Recipe: Roast pumpkin-pork stew with poblano pepper
|Roasted pumpkin is delicious with pork and poblanos. (Photos: Debbie Arrington)|
A heritage pumpkin and poblano peppers are the base of the
Warmed by poblano pepper and cumin, this Oaxacan-inspired stew makes use of both: Chunks of oven-roasted pumpkin and leftover pork roast. Serve alone or over rice or polenta.
For this recipe, the pumpkin can be roasted up to two days in advance. Roasting keeps the chunks firmer than steaming, so the pumpkin doesn’t turn to mush in the stew.
How to roast pumpkin: Wash and pat dry pumpkin. Cut pumpkin into wedges. Scoop out seeds. Preheat the oven to 400 degrees F. Brush cut surfaces of pumpkin with olive oil. Season with salt and pepper. Arrange wedges in a large baking pan or on a rimmed cookie sheet with cut sides up. Bake at 400 degrees until the pumpkin is fork-tender, about 40 minutes. Let cool for 10 minutes. Peel and cube.
|Roasted pumpkin won't turn to mush in the stew.|
Makes 4 servings
2 cups roast pumpkin, cubed
2 cups cooked pork roast, cubed
2 tablespoons olive oil
1 cup onion, diced
2 celery stalks, chopped
1 clove garlic, minced
1/3 cup poblano pepper, seeded and chopped
¼ cup white wine
½ cup chicken or vegetable broth
1 cup tomato sauce
1 teaspoon cumin
Salt and pepper to taste
Cube roast pumpkin and cooked pork. Set aside.
In a large skillet, heat olive oil. Over medium heat, sauté onions, celery, garlic and poblano pepper until soft. Add pork chunks to pan and sauté lightly, about 2 to 3 minutes.
|Serve the stew alone or with rice or polenta.|
Add pumpkin chunks to the pan and re-cover the pan. Let stew simmer for another 5 minutes, stirring gently. (Don’t mash the pumpkin.) Adjust seasoning.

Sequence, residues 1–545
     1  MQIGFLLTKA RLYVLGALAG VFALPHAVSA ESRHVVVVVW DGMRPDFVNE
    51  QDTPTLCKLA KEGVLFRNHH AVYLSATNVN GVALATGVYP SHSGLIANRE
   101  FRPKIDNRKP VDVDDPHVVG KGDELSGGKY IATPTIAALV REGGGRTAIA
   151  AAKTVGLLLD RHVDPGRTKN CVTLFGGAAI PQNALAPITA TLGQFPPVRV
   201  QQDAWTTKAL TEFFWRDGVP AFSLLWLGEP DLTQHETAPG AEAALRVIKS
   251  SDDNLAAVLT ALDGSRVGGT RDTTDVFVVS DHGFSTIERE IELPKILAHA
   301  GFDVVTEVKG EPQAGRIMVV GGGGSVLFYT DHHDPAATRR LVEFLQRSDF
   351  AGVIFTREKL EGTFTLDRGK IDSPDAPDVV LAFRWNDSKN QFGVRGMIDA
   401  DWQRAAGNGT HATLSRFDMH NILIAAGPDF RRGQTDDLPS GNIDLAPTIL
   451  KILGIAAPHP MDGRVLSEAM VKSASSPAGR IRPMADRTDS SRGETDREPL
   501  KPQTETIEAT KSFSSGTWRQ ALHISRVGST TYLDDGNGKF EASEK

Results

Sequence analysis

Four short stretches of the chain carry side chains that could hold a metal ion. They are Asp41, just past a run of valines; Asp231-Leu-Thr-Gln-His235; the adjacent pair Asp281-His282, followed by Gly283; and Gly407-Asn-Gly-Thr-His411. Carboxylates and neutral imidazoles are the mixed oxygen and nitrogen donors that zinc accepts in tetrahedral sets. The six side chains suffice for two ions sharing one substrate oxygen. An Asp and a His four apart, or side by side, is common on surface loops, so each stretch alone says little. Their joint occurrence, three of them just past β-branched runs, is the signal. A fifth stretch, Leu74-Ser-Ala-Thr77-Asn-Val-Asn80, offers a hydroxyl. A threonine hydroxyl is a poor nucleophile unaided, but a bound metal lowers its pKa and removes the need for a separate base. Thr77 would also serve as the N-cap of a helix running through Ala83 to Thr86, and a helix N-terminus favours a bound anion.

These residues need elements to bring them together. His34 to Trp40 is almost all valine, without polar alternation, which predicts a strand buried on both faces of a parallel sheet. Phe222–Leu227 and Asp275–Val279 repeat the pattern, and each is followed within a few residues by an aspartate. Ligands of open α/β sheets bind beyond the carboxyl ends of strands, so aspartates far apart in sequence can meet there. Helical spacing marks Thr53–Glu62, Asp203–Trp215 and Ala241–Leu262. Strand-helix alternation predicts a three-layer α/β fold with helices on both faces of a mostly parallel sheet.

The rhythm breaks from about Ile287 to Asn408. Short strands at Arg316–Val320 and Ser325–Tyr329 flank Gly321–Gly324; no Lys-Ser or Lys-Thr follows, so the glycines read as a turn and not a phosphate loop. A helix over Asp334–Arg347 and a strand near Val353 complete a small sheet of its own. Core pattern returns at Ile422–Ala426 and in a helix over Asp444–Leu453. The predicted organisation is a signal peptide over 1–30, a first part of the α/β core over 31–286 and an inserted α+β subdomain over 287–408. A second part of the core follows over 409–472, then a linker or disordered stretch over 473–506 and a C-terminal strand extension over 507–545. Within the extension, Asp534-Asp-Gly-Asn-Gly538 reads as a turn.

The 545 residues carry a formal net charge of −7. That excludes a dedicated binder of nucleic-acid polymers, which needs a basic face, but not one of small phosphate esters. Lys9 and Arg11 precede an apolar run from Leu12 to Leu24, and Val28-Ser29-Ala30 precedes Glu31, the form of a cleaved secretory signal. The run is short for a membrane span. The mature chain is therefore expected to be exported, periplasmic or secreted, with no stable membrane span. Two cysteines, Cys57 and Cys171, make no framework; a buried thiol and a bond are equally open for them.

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Dig In: Garden checklist for week of Nov. 27
Before the rain comes later in the week, take advantage of sunny, calm days:
* This may be your last chance this season for the first application of copper fungicide spray to peach and nectarine trees. Leaf curl, which shows up in the spring, is caused by a fungus that winters as spores on the limbs and around the tree in fallen leaves. Sprays are most effective now, but they need a few days of dry weather after application to really “stick.” If you haven’t yet, spray now.
* Rake and compost leaves, but dispose of any diseased plant material. For example, if peach and nectarine trees showed signs of leaf curl this year, clean up under trees and dispose of those leaves instead of composting.
* Make sure storm drains are clear of any debris.
* Give your azaleas, gardenias and camellias a boost with chelated iron.
* Trim chrysanthemums to 6 to 8 inches above the ground after they’re done blooming. Keep potted mums in their containers until next spring. Then, they can be planted in the ground, if desired, or repotted.
* Prune non-flowering trees and shrubs while dormant.
* Plant bulbs for spring bloom. Don’t forget the tulips chilling in the refrigerator. Other suggestions: daffodils, crocuses, hyacinths, anemones and scillas.
* Seed wildflowers including California poppies.
* Also from seed, plant sweet pea, sweet alyssum, bachelor buttons and other spring flowers.
* Plant most trees and shrubs. This gives them plenty of time for root development before spring growth. They also benefit from winter rains.
* Set out cool-weather annuals such as pansies and snapdragons.
* Lettuce, cabbage, broccoli and cool-season greens can be planted now.
* Plant garlic and onions.
* If you decide to use a living Christmas tree this year, keep it outside in a sunny location until Christmas week. This reduces stress on the young tree.
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